Disney Animated Marathon: Mary Poppins (1964)

Hmmm, a puzzling choice for movie #19 in the Disney Animated Marathon!

Screenplay By: Don DaGradi & Bill Walsh
Directed By: Robert Stevenson

Okay, maybe this isn’t a puzzling choice for a marathon about animated features, I never knew Mary Poppins had an entire animated section. Moving on from my usual state of constant befuddlement I am fully prepared to upset some people with what I have to say about Mary Poppins. Well, maybe not upset, wait, yeah, definitely upset, although maybe if you read carefully you won’t be as upset as I think, but you probably will. If I do one thing well it is upset people, or something wittier.

Anyways, I was pretty bored with Mary Poppins, but I don’t put that on the movie as much as I do on the lack of chemistry between myself and the film. Some movie I watch and think, “wow, this is bad,” other movies I watch and my reaction is more along the line of “hmmm, this isn’t working for me.” Mary Poppins is the latter, it’s not a film that I found a whole lot wrong with from a technical standpoint, yet it is a film that I failed to connect with for any number of reasons. It’s hard to peg down exactly why this is, usually I am taken by whimsical fantasy tales, but no matter how hard I tried the characters, music and story of Mary Poppins left me disinterested above any other emotion. Is disinterested even an emotional state, I think it is, but I’m a moron so who the hell knows?

If I ended my review at this point you’d see my star rating and go “huh, I know you is a crazy fool Billy boy, but what were you smoking for this one?” Luckily I caught myself before I ended the review (I almost did end it though, even writing about Mary Poppins is leaving me rather disinterested). I wasn’t left completely cold by Mary Poppins, and what did work left a good enough impression for me to finally say “The movie wasn’t interesting to me, but it did some things right, enough so that I can see why others love it, even if I only like it by the slimmest of margins.” I am speaking of the costume design and the animated section. Both speak for themselves, but I like talking for other people so I’ll break it down for you quick like. The costumes were pretty darn cool, it isn’t often that costumes catch my eye, but the ones on display in Mary Poppins caught the left and the right eye in their varied flamboyancy yet simple design. The animation was directed by Hamilton Luske, and that right there should tell you why I liked it and why, uh, I, uh, I said liked already, right? Anyways, before my brain shuts down, the animation was clean and uncluttered yet distinctively the style of Luske, and that appeals to me, like a lot.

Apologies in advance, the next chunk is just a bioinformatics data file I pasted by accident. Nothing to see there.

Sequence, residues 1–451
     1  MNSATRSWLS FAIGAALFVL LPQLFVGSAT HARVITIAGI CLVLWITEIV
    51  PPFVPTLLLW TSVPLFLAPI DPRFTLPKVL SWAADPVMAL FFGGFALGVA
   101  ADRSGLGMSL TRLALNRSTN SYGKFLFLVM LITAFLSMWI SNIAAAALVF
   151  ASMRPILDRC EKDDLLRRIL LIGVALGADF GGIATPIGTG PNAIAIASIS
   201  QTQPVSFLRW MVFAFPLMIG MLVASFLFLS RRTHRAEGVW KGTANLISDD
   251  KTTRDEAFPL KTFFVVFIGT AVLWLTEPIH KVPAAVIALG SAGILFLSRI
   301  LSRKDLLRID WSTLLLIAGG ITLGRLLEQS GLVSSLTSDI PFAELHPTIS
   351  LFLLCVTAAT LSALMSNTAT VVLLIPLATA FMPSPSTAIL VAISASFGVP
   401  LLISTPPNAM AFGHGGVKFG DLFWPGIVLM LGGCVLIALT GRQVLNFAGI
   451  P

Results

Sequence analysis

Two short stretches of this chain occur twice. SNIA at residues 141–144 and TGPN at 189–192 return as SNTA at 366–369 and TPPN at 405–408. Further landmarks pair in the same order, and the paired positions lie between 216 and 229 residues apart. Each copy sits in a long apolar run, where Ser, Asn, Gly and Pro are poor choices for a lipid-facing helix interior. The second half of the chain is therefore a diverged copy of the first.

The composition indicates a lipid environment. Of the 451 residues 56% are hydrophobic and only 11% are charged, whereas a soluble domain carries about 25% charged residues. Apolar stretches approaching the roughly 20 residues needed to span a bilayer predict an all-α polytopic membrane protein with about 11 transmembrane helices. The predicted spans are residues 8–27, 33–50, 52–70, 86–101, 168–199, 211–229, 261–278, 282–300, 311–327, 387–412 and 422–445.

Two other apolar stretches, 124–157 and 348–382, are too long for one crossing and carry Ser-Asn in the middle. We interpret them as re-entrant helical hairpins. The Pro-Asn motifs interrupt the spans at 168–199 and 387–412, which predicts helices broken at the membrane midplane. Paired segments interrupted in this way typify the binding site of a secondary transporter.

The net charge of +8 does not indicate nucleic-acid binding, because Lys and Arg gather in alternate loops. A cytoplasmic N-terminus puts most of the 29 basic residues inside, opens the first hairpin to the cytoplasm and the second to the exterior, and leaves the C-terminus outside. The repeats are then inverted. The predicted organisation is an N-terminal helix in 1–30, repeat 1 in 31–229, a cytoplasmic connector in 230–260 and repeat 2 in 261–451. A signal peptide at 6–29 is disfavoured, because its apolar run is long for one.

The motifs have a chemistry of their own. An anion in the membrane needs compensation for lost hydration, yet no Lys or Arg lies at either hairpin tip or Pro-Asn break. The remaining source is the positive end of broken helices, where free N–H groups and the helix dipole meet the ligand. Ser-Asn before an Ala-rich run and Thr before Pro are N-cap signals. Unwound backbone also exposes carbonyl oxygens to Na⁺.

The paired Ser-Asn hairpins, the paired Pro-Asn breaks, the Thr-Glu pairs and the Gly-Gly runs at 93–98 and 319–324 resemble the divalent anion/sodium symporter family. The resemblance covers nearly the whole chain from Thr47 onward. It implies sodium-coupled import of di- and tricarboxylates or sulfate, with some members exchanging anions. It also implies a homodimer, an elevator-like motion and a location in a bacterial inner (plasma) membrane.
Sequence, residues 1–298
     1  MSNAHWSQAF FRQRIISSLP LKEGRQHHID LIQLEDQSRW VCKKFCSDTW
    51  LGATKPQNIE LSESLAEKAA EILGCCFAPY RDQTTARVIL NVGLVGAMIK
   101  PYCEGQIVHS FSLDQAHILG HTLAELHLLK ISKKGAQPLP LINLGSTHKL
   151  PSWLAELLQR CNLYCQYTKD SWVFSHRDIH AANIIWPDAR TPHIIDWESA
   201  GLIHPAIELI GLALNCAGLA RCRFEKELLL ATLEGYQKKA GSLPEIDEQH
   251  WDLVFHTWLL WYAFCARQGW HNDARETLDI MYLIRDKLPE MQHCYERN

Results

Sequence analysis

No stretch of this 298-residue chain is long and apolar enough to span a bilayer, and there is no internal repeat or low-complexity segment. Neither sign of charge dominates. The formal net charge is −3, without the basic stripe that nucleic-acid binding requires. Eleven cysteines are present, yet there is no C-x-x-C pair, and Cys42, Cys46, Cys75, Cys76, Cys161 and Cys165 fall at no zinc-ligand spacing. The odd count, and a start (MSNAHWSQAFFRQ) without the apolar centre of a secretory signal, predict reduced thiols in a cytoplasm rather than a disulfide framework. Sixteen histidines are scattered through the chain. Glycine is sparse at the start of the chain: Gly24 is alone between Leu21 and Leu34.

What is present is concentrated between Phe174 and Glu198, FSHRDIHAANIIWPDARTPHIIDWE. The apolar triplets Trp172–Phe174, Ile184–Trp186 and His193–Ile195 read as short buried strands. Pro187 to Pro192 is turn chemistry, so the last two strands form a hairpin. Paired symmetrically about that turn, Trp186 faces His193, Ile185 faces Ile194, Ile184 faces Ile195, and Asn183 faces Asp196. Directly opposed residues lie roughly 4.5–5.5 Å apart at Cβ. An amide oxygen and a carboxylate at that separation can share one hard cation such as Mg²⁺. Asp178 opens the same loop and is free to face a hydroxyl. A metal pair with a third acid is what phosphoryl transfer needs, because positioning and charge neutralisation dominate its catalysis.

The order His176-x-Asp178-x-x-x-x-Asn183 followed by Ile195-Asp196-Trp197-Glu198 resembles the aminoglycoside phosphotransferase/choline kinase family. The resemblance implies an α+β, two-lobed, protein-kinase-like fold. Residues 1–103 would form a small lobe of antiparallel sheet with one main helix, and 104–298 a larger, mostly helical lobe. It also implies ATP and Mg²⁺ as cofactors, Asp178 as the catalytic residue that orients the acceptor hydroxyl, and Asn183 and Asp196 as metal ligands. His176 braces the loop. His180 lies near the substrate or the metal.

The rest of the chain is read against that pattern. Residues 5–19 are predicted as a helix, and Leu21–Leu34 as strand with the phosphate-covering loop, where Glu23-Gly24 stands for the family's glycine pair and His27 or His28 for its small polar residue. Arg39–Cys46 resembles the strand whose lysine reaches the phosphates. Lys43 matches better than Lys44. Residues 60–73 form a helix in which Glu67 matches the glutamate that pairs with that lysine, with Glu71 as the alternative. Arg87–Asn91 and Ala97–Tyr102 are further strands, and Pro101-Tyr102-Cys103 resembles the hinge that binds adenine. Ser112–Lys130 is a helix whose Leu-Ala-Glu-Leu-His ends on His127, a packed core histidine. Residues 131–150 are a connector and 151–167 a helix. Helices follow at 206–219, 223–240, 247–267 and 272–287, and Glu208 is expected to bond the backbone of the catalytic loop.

Despite my lack of interest in Mary Poppins I’m going to slightly recommend it. Maybe I’m crazy, anyone who uses as many quotes as I did in this review probably is, but I can see why others would love this film and even though I wasn’t interested I don’t have anything to complain about from the technical side. Maybe when you watch Mary Poppins it will grab your attention, or maybe it already has, and I think I just had my first senior moment involving a thought in my head vanishing the moment my fingers went to hit the key strokes. This is getting ugly, and if you know me you know we began from a position of already existing ugly, it’s time I grabbed my umbrella and flew away from this burg before anything bad happens, so uh, yeah, that’s it about Mary Poppins.




3 responses to “Disney Animated Marathon: Mary Poppins (1964)

  1. the thing that baffles me about Mary Poppins is that Julie Andrews is really hot in it. yet if i put on Sound of Music she does nothing for me. She obviously suited darker hair

  2. mcarteratthemovies

    McG, perhaps it was the off-putting Dutch Boy haircut that didn’t blow up your skirt? I’d say brunette is the color of choice for Andrews, though.

    Bill, I have to say (as much as it pains me) that I agree with you now about “Mary Poppins.” I loved it as a child in that way children do — of not idolizing the few good things and suppressing the bad — but as an adult the movie lost some of its appeal. Now I look to “The Sound of Music” as my go-to Julie Andrews musical, and that film is one that’s aged much better.

  3. Ross – For some reason I’ve never thought of her as attractive either way. She’s not ugly, but she doesn’t do much for me.

    M – My wife loves The Sound of Music, but I found myself feeling the same about it as I did about Mary Poppins.

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